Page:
Hollow Reed is the sort of drama Hollywood thinks it has been making for years: earnest, gripping, emotional and real. of course, Hollywood dramas are more often artificial, predictable, and facile than this classy, crafty British import.
Martin Donovan stars as Martyn, a bona fide gay hero who uncovers the truth of his son's abuse at the hands of his ex-wife's boyfriend (Jason Flemyng). The constantly shifting alignment of these characters' orbits around each other produces a deeply felt story with minute attention to emotional detail and a fascinating study of unpredictable misunderstandings and hidden truths.
After a lengthy, incrementally suspenseful buildup, Martyn guesses the truth about son Oliver's presumably play-related injuries, and the quiet, suburban British landscape transforms into a battleground. When Martyn tries to reason with his deluded ex (Joely Richardson), he finds himself not only cut off from his increasingly endangered son, but defensive about his lifestyle as the inevitable legal tangle develops. Martyn's frantic realization that he is helpless to aid his son when he is needed most stirs the familiar desperate, emotions brought on by half-hearted Hollywood thrillers, and finds that energy heading in a believably convoluted direction more potent than that travelled by lesser films.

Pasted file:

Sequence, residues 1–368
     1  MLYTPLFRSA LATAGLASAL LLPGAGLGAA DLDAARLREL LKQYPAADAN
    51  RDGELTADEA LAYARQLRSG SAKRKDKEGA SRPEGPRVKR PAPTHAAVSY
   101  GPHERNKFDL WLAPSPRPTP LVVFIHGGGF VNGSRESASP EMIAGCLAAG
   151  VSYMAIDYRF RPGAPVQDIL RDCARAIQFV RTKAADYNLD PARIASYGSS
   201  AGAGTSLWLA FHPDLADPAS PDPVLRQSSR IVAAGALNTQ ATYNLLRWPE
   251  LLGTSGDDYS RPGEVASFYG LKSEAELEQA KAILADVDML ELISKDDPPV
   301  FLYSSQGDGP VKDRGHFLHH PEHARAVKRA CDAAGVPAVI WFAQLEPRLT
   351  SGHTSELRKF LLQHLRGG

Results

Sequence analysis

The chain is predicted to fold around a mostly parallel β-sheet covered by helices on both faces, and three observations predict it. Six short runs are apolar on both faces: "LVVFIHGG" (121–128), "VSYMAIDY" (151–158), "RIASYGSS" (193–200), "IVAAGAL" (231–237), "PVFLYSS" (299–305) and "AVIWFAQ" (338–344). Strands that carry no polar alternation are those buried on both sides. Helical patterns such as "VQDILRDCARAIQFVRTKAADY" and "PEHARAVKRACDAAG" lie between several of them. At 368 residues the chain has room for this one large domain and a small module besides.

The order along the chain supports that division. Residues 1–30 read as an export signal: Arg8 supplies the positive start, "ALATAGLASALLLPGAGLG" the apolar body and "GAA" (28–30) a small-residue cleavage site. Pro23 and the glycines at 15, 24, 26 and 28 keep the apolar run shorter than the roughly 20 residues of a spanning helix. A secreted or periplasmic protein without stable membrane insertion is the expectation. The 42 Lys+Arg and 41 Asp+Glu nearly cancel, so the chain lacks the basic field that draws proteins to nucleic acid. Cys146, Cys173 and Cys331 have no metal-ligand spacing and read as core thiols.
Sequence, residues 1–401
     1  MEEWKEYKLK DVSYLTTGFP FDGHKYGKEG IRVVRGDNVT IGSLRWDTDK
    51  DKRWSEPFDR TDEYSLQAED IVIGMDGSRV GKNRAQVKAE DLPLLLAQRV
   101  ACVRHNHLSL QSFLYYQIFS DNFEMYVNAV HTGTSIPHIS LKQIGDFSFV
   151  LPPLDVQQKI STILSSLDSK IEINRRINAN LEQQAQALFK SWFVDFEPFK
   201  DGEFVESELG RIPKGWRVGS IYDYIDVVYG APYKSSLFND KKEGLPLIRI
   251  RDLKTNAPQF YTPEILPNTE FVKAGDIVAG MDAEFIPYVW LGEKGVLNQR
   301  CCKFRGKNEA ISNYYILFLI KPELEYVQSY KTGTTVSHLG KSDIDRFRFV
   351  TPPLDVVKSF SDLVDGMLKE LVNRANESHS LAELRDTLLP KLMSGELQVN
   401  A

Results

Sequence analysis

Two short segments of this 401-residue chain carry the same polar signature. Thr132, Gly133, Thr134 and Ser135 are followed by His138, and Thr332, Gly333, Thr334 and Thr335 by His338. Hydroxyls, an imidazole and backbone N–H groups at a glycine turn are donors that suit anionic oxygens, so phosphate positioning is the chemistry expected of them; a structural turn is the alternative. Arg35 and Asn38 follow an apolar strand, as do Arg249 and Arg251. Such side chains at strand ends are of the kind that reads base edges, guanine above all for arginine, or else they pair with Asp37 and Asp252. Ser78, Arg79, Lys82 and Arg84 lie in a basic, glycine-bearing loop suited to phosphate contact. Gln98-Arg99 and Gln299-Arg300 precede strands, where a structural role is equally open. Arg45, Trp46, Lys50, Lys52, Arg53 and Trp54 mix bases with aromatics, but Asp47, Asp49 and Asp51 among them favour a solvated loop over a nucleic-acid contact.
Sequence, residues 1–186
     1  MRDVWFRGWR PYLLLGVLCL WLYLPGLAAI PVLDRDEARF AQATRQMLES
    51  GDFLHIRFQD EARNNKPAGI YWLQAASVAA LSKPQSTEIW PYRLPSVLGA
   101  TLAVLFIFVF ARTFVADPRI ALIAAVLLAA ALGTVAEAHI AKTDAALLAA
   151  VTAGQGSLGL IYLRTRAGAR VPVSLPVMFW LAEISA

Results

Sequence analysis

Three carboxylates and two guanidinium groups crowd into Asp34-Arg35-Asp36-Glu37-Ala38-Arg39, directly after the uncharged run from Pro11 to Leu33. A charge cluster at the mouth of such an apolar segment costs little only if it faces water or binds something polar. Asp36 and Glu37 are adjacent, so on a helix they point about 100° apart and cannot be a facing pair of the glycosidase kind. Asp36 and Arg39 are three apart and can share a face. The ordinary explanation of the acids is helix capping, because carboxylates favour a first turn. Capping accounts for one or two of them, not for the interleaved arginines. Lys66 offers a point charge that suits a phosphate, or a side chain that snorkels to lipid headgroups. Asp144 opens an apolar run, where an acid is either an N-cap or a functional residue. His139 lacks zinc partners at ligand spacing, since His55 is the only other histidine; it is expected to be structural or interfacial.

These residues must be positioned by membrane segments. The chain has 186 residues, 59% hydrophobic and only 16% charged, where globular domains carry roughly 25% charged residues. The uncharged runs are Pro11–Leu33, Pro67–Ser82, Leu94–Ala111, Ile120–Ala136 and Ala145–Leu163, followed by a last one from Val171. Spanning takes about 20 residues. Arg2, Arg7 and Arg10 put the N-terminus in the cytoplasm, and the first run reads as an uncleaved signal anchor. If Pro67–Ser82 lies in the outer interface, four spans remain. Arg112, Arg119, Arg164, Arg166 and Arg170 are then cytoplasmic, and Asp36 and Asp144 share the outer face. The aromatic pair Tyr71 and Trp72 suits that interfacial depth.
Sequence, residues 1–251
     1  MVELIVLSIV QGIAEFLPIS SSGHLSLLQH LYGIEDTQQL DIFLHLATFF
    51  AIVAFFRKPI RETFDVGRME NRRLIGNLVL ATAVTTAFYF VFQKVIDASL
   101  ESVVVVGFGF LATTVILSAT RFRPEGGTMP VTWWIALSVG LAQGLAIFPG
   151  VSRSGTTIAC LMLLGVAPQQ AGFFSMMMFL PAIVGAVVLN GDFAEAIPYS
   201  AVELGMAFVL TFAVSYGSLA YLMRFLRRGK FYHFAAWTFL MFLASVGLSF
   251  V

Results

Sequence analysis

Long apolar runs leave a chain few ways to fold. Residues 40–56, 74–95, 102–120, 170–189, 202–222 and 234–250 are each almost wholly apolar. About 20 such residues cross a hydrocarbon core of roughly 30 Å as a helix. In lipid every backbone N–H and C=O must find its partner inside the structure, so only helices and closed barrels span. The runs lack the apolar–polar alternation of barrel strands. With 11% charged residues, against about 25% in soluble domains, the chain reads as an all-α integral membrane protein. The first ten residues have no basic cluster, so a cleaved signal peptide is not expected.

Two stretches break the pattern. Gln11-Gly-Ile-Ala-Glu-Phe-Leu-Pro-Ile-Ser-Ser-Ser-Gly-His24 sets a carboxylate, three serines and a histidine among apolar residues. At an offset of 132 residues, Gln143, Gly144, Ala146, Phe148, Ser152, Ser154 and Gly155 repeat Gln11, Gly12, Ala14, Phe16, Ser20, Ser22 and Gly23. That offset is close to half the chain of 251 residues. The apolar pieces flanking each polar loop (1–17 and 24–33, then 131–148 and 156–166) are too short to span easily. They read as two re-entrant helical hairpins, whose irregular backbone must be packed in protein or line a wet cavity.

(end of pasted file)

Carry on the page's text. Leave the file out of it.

The cast, also including Ian Hart (Backbeat) as Martyn's levelheaded lover and Sam Bould as Martyn's emotionally disadvantaged son, is sturdy, and the direction by Angela Pope suitably unintrusive, excepting a well-earned, breathtaking climactic flourish. The comic picture of Hollywood attempting to film this screenplay brings to mind the ludicrous pitches of The Player. how about Bruce Willis as the gay man (except maybe he oughtn't be gay), Julia Roberts as the mother, and one of those Home Improvement kids as the abuse victim? Thank your lucky stars for this intelligent, restrained drama.